The Kimberley and adjacent deserts
In search of Tanmurra Creek we take a road to the west that we had passed the previous evening. Shortly down the road we find a dingo, and then another. They are not wary of the vehicle and stand to watch us. The first, is breathing hard as if it has been running and moisture drips from its open lips. After a time they move off, stopping to scent mark here and there beside the track, then they turn into the bush and vanish in the thick grass that is higher than their heads. We watch and wait for them to re-appear, but they do not. Their unwary reaction to our presence reminds me that for much of the year this reach of the country is impenetrable, except perhaps to the very determined, on horseback. The wet season makes the ground a bog and renders the roads impassible. We are here not much more than a week after the road became viable.
The road we are following stops abruptly in an area where previous vehicles have become stuck in a quagmire of black mud. I find a way around through the bush and rejoin the indistinct track to the north and west. Sixteen kilometres further on we skirt several other areas, where our tyres sink ruts into the earth, to come finally to a small creek where the crossing place has been washed away and a tangle of flood-strewn trunks bars any way forward. We turn back.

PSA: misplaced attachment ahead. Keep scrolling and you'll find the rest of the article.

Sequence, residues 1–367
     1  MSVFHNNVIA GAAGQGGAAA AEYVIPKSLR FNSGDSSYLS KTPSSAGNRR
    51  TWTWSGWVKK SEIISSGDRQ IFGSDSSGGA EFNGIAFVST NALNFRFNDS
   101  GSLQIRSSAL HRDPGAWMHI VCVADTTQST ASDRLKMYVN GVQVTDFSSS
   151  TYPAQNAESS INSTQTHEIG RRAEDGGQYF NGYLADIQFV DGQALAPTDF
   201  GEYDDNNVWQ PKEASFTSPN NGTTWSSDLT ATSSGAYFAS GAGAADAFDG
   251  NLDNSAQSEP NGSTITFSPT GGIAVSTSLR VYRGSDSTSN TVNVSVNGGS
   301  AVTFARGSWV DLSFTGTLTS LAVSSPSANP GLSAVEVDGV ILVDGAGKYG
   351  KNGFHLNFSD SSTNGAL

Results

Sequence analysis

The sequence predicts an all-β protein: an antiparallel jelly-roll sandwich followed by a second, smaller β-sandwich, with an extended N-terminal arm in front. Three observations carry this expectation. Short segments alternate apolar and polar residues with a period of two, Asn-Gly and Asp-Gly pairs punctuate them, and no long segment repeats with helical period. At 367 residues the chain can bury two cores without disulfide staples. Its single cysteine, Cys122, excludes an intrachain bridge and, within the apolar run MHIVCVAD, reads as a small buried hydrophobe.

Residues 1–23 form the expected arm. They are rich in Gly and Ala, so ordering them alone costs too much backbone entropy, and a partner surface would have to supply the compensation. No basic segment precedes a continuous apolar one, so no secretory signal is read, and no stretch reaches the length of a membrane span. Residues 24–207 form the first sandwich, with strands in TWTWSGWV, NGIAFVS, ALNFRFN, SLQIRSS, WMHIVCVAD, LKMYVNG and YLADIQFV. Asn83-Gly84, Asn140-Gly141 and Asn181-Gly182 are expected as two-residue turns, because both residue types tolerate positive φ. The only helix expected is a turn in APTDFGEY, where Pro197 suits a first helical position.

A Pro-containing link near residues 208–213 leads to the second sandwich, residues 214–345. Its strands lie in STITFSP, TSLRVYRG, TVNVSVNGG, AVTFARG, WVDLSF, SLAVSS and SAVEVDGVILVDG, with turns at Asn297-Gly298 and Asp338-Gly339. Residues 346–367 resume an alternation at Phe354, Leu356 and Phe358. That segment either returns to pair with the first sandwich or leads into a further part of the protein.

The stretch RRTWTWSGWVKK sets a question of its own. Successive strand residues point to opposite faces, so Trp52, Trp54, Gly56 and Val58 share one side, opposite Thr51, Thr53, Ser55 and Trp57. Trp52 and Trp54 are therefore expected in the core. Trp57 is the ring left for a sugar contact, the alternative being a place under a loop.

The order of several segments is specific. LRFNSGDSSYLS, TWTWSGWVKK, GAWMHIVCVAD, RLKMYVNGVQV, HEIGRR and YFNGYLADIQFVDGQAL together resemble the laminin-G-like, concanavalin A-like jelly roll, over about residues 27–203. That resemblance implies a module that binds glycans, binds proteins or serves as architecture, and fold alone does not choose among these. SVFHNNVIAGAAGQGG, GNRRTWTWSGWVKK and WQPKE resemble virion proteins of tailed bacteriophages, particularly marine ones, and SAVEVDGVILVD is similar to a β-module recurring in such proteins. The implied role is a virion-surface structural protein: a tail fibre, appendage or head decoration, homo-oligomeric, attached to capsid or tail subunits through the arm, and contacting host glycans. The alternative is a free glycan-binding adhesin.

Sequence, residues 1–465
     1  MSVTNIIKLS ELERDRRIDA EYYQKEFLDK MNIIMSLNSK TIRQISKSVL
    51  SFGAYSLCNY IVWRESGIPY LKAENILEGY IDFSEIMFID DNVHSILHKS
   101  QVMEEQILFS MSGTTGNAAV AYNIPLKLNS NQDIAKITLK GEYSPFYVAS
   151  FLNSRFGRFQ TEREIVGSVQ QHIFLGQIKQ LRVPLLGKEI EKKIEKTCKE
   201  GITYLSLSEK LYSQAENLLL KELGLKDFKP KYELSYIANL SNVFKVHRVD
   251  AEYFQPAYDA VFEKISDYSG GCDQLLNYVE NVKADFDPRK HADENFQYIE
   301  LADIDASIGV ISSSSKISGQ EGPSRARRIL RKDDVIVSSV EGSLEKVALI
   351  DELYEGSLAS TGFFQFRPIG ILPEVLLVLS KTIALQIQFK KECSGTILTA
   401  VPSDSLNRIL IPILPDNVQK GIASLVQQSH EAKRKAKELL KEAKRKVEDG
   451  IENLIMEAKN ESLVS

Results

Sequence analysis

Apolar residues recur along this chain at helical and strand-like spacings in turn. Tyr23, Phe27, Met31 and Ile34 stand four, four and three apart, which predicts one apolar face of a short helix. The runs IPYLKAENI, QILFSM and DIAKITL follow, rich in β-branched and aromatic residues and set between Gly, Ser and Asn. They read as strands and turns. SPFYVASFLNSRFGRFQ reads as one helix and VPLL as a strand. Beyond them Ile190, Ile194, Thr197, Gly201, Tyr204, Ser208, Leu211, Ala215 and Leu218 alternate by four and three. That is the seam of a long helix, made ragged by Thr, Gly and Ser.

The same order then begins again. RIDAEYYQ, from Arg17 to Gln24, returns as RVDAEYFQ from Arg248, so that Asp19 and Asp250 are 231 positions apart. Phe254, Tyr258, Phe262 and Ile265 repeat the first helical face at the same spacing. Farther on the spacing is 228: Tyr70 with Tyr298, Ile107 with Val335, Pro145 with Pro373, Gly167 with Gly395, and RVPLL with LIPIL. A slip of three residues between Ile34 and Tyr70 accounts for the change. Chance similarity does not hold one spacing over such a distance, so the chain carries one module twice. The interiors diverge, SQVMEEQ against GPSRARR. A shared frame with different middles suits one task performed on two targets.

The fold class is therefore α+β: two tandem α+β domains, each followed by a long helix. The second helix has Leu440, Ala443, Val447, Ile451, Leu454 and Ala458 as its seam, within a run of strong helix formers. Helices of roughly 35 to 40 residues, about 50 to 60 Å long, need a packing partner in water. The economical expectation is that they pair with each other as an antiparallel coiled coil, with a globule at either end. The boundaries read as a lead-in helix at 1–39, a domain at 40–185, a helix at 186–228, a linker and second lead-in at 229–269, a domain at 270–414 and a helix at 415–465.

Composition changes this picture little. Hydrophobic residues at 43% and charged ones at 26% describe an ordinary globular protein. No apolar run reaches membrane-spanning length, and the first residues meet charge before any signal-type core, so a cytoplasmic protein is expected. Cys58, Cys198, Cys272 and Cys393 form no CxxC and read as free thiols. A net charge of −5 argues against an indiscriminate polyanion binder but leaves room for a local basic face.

We can never have enough of Nature. We must be refreshed by the sight of inexhaustible vigor … the wilderness with its living and its decaying trees, the thunder cloud, and the rain which lasts three weeks and produces freshets. We need to witness our own limits transgressed, and some life pasturing freely where we never wander.
Henry David Thoreau